The Montreal Impact are a chaotic football team.
Now, before Impact fans jump all over “the Toronto guy” for pointing this out, let’s be clear. Calling them such isn’t an insult.
It’s not a compliment either. It’s simply an observation.
Chaos is in their DNA, which has led them down some wacky roads throughout their existence. Some have paid off, some have blown up and some just were.
That chaos comes from the man at the heart of the operation. Joey Saputo has been the one constant in the Impact, whether it was in the old A-League/USL/NASL days, or in the post 2012 MLS-era.
He has always worn his heart on his sleeve, and he has managed the team in a way that often pleases the fans. That’s largely because he manages the team like a fan – albeit a very rich one.
If you were a fan who was an owner too and Didier Drogba became available, you’d sign him.
If you were a fan that was an owner too and you were REALLY frustrated by the lack of results, you’d fire your manager on a whim too.
Again, and again and again and…
And, if you were a fan who was an owner too, you’d hire Thierry Henry to be your manager as well.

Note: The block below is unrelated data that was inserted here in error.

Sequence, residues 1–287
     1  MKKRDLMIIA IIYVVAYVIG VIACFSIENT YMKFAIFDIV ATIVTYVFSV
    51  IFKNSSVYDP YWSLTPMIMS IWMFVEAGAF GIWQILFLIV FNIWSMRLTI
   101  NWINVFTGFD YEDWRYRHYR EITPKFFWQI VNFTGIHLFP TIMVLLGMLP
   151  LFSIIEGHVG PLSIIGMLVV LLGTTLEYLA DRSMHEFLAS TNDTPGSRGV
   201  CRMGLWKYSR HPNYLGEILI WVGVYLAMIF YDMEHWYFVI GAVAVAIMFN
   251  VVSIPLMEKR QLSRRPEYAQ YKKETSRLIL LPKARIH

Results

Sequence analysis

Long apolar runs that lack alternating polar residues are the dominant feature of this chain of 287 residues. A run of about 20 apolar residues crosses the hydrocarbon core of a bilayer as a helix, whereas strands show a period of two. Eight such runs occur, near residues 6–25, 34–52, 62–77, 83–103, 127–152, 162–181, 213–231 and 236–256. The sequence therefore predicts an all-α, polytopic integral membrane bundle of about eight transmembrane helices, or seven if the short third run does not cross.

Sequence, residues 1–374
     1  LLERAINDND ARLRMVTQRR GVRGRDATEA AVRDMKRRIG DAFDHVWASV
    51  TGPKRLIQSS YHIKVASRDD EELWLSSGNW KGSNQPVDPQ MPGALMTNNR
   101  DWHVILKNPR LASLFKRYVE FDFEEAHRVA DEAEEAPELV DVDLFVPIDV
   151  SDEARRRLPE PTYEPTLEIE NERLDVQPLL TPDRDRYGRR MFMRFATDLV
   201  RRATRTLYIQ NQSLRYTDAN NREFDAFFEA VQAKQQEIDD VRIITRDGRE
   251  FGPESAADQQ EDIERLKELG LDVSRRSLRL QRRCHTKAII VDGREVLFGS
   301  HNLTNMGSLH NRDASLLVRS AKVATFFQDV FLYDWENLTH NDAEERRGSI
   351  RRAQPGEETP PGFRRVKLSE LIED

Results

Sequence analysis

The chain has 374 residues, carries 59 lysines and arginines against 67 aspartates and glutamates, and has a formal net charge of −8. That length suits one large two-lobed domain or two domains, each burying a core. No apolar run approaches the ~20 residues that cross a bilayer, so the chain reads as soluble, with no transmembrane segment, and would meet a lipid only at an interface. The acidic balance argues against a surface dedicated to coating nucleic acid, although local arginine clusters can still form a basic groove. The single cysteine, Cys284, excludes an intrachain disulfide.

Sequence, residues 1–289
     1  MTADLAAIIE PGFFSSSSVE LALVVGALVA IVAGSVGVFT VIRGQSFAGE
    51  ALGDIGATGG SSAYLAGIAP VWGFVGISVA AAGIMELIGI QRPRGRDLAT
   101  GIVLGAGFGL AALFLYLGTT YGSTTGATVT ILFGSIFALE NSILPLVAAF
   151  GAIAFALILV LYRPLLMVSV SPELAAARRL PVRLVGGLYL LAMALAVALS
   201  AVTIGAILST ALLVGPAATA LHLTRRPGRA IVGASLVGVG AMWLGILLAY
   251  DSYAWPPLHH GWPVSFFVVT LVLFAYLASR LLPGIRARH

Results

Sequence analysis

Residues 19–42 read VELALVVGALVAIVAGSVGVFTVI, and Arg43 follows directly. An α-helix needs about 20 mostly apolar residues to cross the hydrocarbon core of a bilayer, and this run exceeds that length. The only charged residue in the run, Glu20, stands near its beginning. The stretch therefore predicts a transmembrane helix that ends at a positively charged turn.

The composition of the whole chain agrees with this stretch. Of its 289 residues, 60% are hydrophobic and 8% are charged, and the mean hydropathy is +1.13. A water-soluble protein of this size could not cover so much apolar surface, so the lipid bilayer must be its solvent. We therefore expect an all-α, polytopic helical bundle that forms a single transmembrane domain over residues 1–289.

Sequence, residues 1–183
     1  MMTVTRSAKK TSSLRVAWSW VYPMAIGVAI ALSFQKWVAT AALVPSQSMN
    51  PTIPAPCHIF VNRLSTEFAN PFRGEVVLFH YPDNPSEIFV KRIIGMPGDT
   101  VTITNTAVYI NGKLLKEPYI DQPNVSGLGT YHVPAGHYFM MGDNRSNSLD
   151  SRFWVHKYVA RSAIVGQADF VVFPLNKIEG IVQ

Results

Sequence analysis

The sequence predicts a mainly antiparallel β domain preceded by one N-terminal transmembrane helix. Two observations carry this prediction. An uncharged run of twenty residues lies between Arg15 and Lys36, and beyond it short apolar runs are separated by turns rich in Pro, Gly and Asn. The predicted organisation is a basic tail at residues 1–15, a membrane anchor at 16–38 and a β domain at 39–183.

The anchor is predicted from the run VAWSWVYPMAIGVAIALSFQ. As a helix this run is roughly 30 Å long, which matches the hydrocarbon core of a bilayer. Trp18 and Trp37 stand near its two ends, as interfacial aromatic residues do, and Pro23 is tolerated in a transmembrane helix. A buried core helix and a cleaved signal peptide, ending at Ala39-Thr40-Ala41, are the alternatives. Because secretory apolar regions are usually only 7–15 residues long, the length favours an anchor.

Thierry Henry is cool. He’s worldly. He was a very talented footballer.
All of those things are undoubtedly true. However, what we don’t know yet is whether Thierry Henry is a good manager.
The early evidence isn’t great. At Monaco he was mostly a disaster (in a tough situation, to be fair) that didn’t show any particular skill in either tactics or player recruitment. That’s not to say he can’t be successful in Montreal, but it does underline that there is literally no evidence to suggest he will be.
There really isn’t. But, that doesn’t mean that it’s not worth a shot by the Impact.
The positive reaction today can basically be summarized as “Weeeeeeee I loooooove him!” Bluntly, that’s a needed emotion when it comes to the Impact, a club that has struggled to consistently breakthrough in the public consciousness in Montreal. There hasn’t been this much Impact talk in Montreal since, well, Drogba was signed.
That’s part of the play, I think. The season ticket base needs a boost and the committed fans need a reason to believe again. On the surface, Henry provides the type of positive energy that is needed for both.
More informed Impact fans seem to understand the risk involved in the signing, but tend to believe that a big roll of the dice was needed and that this qualifies.
So, perhaps its best to just sit back and let this play out. Like any head coach coming into MLS for the first time, Henry deserves to be given the same amount of chance as any other. That he’s famous shouldn’t matter or disqualify him.
It is a very Impact signing, after all. Good or bad it’s almost guaranteed to be…chaotic.